All posts filed under: Exploring Turkish Cuisine

spinach meatball

Spinach Kale Cheese Balls with Quick Harissa

What I love about my new neighborhood, which is one of the best areas as far as the livability goes, there is a huge park where you can jog or play tennis or all sorts of activities happen all the time. I watched a classical concert and Eurasia dance show all by chance. On top of that, you can eat a big open-buffet breakfast on a lazy Sunday morning. Every Monday a big, I mean a HUGE farmer’s market (you can check go on to Son Mastori and click on the link) and there is also an organic market every Wednesday. If not at those farmers’ markets, there is still a small indoor traditional market where I usually shop for my everyday needs. “Let’s support small grocers!” I never buy groceries at supermarkets. No matter how cheaper things are in supermarkets and no matter how many ‘Buy 1 Get 1 Free‘ deals there are to tempt me. I love the interactions with people. I don’t get ripped off in this neighborhood as I used to. …

Meze and Raki – Turkish Flavours

This post was meant to be posted 3 weeks ago but I got caught in work as usual… Having a personal blog, not for business or professional purpose, gives me the liberty of writing whatever and whenever I write and honestly, but I also have a silent wish that my blog can reach more audience. It was so timely that I ran into the wonderful and soothing article, ‘Maintaining a long-term blog‘ on 101 Cookbooks, which is one of my favourites. You might have already read it, if you’re following her blog. The author’s been blogging for 12 years and is still as consistent and committed as day one. While reading the article, I felt the heat rising in the cheeks, mostly probably out of shame for being so inconsistent with my blog. My blog will be celebrating its 2nd birthday in 2 weeks; I messed up my blog once by changing the domain name and I hope it doesn’t affect its birthday. While checking the first entry, I noticed some posts had been left …

Turkish Melon Yogurt Ice cream

As you might have read, I went on a guerrilla trip from Istanbul to Bodrum, joining Mr.O’s relatives and friends along the way. When we were coming back to Istanbul, we brought some Aegean foods with us. The things I always pick up at the roadside stalls are tomatoes, melons and watermelons, for which  Canakkale is renowned, while we snack on fresh figs and other fruit close to Izmir while driving. I love a road trip in late August because of the lush landscapes and the sight of fresh food stalls at village markets. I will share photos from a market in Bodrum in another post later. Also, I always look forward to tasting ice cream in Canakkale and Assos, where you can taste the best ice cream in Turkey, which is a slightly different or improved version in my opinion, so fresh and not so sweet. In case you are new to my blog, I can link you to the eternal place in my heart, Assos and how it is the reason I fell …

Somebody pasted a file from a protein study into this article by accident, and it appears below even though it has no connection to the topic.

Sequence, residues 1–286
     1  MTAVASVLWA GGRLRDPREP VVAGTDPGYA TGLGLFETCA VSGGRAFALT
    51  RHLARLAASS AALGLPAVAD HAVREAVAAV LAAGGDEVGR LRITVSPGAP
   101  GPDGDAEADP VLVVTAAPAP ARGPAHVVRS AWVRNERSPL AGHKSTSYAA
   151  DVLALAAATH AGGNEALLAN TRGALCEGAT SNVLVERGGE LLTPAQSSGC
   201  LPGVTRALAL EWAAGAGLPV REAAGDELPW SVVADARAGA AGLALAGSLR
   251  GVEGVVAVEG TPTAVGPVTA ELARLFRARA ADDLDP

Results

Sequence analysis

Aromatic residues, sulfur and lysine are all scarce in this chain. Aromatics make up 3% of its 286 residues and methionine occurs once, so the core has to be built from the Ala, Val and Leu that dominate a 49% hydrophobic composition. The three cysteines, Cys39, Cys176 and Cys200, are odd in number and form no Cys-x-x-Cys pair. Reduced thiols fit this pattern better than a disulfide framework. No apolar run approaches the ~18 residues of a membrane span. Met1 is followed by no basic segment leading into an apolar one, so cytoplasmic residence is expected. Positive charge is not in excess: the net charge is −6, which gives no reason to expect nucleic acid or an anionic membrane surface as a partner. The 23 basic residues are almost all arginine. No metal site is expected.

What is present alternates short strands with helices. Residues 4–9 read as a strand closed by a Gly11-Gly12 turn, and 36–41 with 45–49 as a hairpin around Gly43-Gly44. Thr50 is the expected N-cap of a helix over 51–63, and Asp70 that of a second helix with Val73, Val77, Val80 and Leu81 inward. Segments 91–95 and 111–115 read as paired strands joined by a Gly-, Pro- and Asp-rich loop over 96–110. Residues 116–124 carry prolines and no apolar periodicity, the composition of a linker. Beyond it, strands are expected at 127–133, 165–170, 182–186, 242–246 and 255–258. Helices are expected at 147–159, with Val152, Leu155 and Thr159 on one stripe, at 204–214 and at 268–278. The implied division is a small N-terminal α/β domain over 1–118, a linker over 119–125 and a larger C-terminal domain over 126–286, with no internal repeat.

Gastronomy of Kars came to Istanbul

Wow, what an excitement it was to have found the gastronomic event at SALT Beyoğlu just in time! I’d been planning to visit Kars, the city that is unknown to many Turks. I was first interested in this place solely because of the Kars eski kasar cheese, which I felt in love with. Later while doing a bit of research on other culinary aspects of Kars, I learned that the city is also very famous for geese, or kaz as called locally. I’ve come across so many interesting historical facts, websites, and blogs, one of which is Eating Asia. Reading the articles about their gastronomic adventures in Kars, I was getting giddy and impatient. I exchanged a few emails with the photographer and journalist, who very kindly gave me useful tips for my future trip. As I was getting only a shrug and a dubious look, I was almost giving up the complicated journey to get there. However, “Following my passions will always get me to the places you want to be.” the encouraging words …

When Turkey meets Poland?

I’ve just come back from a short sea break in the Aegean sea. I’ve posted some photos on my FB page during the trip as I was feeling guilty for keeping the readers in suspense, but here I am back to my sweet home and to where I’d left off. What makes a great cuisine? I’ve put this question to many chefs and each time I get “mixing” for an answer, taking freshness as a base. Many chefs say that they’re always pressured, if not inspired, to travel overseas and come up with new dishes with new tastes. It’s so true when you look at the history of world cuisines. The time of homogenous cuisine has long gone as more and more people travel and experience diverse flavours. Imagine the world where everyone eats the same food and all the restaurants cook the same dishes. B.O.R.I.N.G. Life is too short to eat the same food twice. Inspiration is in the hand of chefs who care about what we eat. When I walk in the streets …

Zucchini series #3 – Candy Festival and Buckwheat Zucchini Fritters

How lucky am I to have all the lovely people around who make a little mouse “me” – feel cared for and happy. On the day of Candy Feast or Şeker Bayram in Turkish, this holy gracious amaretto liqueur was served to us by Mr.O’s parents, along with the best almonds and almond paste. Surprised by this unexpected treat, I bugged Mr.O again with questions related to this Turkish amaretto. Perhaps, the reason Mr.O is losing weight despite all the food he eats with me is to be interrogated about food and food history. Anyway, what a treat it was! This is  one of the reason I love Mr.O’s dad so much; he reads my culinary mind perfectly. And we left with more zucchini….and you know what will happen, right? This series will never have an ending. Kids, whether they are 10 year olds or 30 year olds, are equally treated with sweet things during this festival. After a lovely meal, we made a visit to the oldest in the family, Mr.O’s aunt. We tend …